I don't have an updated picture for this week. Maybe we'll take one tonight. Two more weeks until we will try to find out blue or pink!
Monday, October 27, 2008
Saturday, October 18, 2008
It's funny how in some shirts you can't be sure that I'm showing while in others there is no question. Baby is growing and making me work up an appetite! I get hungry a lot now and really feel it if I don't eat snacks during the day.
Okay, that's all for now.
We have a relationship with our landlord that is basically "you don't bother us and we won't bother you." We send the check every month and unless there is some problem, we don't talk to him. This relationship usually works fine. Until last week.
Now, I'm a girl who likes her share of good surprises. A good surprise could be something like "here's a flower, I was thinking of you" or "Surprise, I got you that book you've been wanting" or "Let's go out tonight" or a call from a friend or a visit from a loved one. A good surprise is not usually "Surprise, you are getting a new roof...now."
Yes, that is what happened to us. Expect no one told us we were getting a new roof. One morning around 7:30 we started hearing stomping and pounding on our roof and sure enough, there was a crew getting to work. Not only were we having the shingles replaced, but the entire roof - they tore up the plywood under the shingles so that when you opened our attic, you saw sky.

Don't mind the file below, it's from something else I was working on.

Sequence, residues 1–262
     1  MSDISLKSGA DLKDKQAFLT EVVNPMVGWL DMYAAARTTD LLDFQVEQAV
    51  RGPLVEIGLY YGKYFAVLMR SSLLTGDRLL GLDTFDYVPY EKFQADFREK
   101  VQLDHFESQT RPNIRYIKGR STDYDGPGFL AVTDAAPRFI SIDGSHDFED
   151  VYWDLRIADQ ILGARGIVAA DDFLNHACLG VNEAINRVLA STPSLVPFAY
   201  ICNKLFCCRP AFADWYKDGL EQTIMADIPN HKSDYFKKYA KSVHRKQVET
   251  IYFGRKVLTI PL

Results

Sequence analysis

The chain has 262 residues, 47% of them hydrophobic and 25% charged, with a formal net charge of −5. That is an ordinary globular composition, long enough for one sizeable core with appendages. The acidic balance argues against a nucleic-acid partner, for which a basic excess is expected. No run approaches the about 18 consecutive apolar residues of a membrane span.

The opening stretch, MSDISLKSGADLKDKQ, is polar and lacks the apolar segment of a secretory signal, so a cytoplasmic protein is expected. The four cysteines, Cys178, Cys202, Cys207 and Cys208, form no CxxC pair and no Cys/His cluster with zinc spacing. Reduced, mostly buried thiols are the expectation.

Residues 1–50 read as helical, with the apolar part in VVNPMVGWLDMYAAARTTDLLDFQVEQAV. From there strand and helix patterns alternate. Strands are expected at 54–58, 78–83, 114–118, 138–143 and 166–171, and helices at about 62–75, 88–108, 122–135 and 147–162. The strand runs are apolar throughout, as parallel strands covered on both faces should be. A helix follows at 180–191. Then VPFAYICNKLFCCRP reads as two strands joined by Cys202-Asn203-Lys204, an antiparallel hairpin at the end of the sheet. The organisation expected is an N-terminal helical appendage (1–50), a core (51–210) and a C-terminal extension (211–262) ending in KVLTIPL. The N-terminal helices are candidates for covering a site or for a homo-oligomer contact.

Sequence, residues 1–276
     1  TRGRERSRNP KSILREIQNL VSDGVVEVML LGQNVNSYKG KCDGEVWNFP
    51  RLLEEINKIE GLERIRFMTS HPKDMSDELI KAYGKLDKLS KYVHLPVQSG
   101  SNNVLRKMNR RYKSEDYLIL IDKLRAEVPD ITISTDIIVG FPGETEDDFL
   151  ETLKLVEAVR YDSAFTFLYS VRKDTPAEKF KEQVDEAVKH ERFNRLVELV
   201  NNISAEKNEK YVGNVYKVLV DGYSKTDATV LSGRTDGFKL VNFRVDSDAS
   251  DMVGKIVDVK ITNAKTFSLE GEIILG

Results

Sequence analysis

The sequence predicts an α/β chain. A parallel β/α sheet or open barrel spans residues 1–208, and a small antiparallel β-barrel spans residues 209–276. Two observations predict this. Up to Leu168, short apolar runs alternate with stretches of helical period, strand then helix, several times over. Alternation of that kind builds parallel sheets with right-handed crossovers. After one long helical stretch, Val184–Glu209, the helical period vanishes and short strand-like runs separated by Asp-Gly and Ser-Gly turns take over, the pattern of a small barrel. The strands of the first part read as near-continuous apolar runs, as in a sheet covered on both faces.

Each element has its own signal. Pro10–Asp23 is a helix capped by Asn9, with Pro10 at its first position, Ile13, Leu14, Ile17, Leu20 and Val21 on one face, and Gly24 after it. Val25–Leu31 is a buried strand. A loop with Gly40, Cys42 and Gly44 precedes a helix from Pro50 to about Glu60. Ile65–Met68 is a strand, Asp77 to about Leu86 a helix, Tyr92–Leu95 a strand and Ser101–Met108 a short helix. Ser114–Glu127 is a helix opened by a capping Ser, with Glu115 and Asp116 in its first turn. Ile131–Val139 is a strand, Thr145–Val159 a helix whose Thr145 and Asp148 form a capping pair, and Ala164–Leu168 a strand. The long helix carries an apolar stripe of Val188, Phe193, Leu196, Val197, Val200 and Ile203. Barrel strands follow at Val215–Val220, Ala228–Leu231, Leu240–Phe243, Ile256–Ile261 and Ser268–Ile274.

Again, not that we knew any of this was going to happen. We did not know that our back porch would be littered with shingle paper, wood scraps, nails, etc. We did not know that anything stored in the attic would be covered in debris. We did not know that this would greet us if we tried to open the front door:
As you can imagine, I was not a happy renter. Fortunately for our landlord, I let Josh call him and mention that we would have appreciated knowing about this little home improvement project before it was started. I think he mumbled some sort of apology and made some lame excuses. I was not satisfied.
But we now have a new roof.
The moral of this story is: replacing a roof is not a good surprise to throw on someone.
Wednesday, October 15, 2008